Famously, A Midsummer Night's Dream is one of William Shakespeare's more irreverent comedies. But the production Globe Education brings to the Abu Dhabi Festival this week stretches that idea to its limits.
As the teenage crowd gathered at the Globe, the recreated Elizabethan theatre on the banks of the Thames in London, earlier this month, the cast were milling about on stage, chatting. Some had guitars. There was a drummer. And, to the delight of pretty much everyone present, they broke into a version of Adele's worldwide smash Rolling in the Deep. A mass singalong ensued.
Afterwards, Emma Pallant, who plays the fairy queen Titania, was thrilled that it had gone down so well - and not in the least bit worried that it might not be to the taste of Shakespeare purists.
"It's really important to acknowledge that this is a live event," she says. "So often, teenagers are told to sit down in the dark and keep quiet, but one of the main ideas of this project is to make people feel that theatre can belong to them. It's not about feeling privileged to be there, but making the space what they want it to be.
"There's something really lovely about creating an atmosphere where if they shout, we hear them, and if we look at them, they see us. There's a transaction going on - and it does become really exciting for everyone involved, a one-off experience. So yes, it is like a pop concert in that sense."
Pallant also starred in Globe Education's production of Macbeth, which toured the UAE to such impressive effect last year. So she's perfectly placed to judge why 400-year-old English plays still seem to work so well with an audience more used to finding its entertainment online or on television. She admits that the volatile, almost festival atmosphere in London is hard to reproduce in the Emirates' more traditional auditoriums - although the house lights will remain up to try to create a similar sense of interaction - but she was intrigued by the reactions.
"It really depended on the audience - even the types of schools who attended. But it was fascinating that the responses were based around plot developments rather than scenes that were silly or comic - not that there's much of that in Macbeth. That was a great satisfaction to us because it meant that they were really listening to the language of the play."
And the language is key to Globe Education's wider "Playing Shakespeare" project, which also involves workshops in schools. Although, as Pallant explains, there are many other elements of the production that deliberately play to its intended audience - the lovers are dressed in school uniform, for example - Shakespeare's original words remain intact, even if chunks have been cut in the first few acts to keep the action fast-paced, short and interval-free. But then, trimming for one reason or another - usually length - is pretty much the norm with Shakespeare directors: in the 1948 film version of Hamlet, starring Laurence Olivier, Rosencrantz and Guildenstern were dropped entirely.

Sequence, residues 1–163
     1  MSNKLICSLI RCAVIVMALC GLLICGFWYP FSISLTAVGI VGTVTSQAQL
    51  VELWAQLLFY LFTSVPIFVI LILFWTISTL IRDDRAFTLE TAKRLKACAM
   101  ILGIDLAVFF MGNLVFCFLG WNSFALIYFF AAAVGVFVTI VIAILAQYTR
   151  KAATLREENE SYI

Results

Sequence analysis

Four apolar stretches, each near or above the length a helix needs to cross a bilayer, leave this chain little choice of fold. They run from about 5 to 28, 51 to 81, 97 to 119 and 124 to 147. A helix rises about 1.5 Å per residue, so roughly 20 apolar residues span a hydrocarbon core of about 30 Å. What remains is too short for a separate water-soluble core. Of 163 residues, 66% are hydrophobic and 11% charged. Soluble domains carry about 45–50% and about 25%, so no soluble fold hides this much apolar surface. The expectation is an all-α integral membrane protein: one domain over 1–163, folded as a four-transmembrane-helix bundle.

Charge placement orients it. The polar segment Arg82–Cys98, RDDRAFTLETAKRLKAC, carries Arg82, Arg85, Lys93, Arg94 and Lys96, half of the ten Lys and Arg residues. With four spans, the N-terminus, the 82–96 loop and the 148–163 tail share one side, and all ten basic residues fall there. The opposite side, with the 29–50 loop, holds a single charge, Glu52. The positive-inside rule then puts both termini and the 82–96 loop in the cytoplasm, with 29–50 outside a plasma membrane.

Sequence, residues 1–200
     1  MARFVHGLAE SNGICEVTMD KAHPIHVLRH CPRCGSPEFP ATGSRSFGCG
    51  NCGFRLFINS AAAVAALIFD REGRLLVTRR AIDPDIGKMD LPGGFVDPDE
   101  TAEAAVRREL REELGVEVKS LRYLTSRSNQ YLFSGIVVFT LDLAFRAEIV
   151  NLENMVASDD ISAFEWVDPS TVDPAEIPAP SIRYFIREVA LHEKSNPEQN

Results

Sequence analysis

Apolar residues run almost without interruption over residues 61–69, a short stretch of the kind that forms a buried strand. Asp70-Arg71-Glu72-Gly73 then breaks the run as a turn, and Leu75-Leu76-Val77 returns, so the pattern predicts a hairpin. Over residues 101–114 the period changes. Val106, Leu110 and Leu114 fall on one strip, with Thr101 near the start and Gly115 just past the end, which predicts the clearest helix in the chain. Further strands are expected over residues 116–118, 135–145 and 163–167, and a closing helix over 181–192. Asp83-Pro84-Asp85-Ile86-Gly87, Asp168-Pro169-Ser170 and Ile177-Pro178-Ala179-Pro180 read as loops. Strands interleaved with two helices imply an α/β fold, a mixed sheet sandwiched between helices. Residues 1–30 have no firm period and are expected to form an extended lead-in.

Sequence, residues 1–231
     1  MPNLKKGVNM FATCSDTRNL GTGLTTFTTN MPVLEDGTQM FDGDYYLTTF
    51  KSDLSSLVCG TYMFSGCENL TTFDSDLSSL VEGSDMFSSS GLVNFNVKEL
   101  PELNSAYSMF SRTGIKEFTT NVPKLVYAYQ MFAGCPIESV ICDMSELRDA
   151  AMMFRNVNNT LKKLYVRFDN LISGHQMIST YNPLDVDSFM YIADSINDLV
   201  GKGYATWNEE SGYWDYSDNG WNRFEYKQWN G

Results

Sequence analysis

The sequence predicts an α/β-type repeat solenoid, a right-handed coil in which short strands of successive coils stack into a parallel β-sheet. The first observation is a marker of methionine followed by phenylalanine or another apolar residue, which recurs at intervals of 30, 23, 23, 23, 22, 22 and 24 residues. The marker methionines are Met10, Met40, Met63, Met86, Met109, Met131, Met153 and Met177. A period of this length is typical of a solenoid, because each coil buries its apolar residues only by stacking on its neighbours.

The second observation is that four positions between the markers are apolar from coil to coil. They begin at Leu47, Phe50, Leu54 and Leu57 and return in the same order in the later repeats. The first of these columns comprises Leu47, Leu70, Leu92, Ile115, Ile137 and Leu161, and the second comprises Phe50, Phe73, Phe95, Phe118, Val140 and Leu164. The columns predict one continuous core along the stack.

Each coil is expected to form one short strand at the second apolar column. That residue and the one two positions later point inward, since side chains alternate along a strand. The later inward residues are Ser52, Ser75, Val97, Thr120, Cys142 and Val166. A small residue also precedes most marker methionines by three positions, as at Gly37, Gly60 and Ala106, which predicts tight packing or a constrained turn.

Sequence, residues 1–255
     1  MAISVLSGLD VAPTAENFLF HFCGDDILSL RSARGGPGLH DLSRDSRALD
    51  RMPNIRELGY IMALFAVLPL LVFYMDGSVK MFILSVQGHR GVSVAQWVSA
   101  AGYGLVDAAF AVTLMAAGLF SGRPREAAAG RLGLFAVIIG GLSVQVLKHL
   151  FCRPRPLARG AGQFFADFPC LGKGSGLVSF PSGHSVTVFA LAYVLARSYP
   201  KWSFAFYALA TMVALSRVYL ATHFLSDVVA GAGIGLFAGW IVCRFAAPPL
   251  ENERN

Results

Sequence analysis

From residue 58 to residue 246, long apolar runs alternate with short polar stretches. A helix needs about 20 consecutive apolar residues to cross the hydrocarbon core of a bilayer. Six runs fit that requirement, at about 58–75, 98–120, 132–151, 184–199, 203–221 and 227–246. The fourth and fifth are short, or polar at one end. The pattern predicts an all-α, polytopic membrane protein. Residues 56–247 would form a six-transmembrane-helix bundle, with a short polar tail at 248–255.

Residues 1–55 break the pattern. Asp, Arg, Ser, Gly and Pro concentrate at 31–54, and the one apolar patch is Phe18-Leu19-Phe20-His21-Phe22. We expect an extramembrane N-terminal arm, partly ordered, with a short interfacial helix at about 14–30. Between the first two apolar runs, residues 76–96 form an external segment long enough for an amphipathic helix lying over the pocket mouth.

Sticking to Shakespeare's lines, resisting the temptation to simplify or update them, "confirms for me why Shakespeare is important", says Pallant. "You know, I can boil down what's really exciting about this production, for this audience, to one line. Hermia insults Helena by saying 'you canker blossom'. Now, if you asked a 14-year-old walking down the street what would really insult her, that line would not be it. It's even quite light on the page. But when Hermia says it live, it's got so much venom the audience are always completely knocked sideways.
"And I think that shows language can be powerful. People can genuinely change their lives by being able to play with language - and you learn from Shakespeare that the way you say something can actually change people's perceptions."
All of which is about as far as it's possible to get from a traditional, stuffy schools project on an ancient, long-dead writer. As Globe Education's head of learning Fiona Banks says, teasing out what makes Shakespeare relevant is surprisingly similar, wherever you are in the world.
"Really, teenagers are teenagers the world over, and once they're into the play they realise that Shakespeare can speak to them: he deals with love, jealousy, fear - all the kind of complex emotions adolescents are more than familiar with. Having said that, we were particularly delighted that young people in the Emirates seemed to get so much out of Macbeth last year. It was an extraordinary opportunity and we found it incredibly rewarding."
Banks thinks that, on reflection, such success last year should not have come as so much of a surprise. "After all, Shakespeare's plays aren't just stories from 400 years ago, they're some of the best stories we have. And it's great for us as human beings to connect with those stories, wherever we live," she says.
Indeed, Banks and Pallant are thrilled to be returning with A Midsummer Night's Dream this week.It is certainly no dumbed-down Midsummer for children and, judging by the production in London, the only shame is that more adults won't see it.
"I know," laughs Pallant. "Maybe that's something we should look at in the years to come. Although the adults aren't half as much fun."
A Midsummer Night's Dream is at Abu Dhabi Theatre tomorrow; Madinat Theatre, Dubai, on March 25 and Katara Drama Theatre, Doha, from March 30 to April 2. All other performances are schools-only.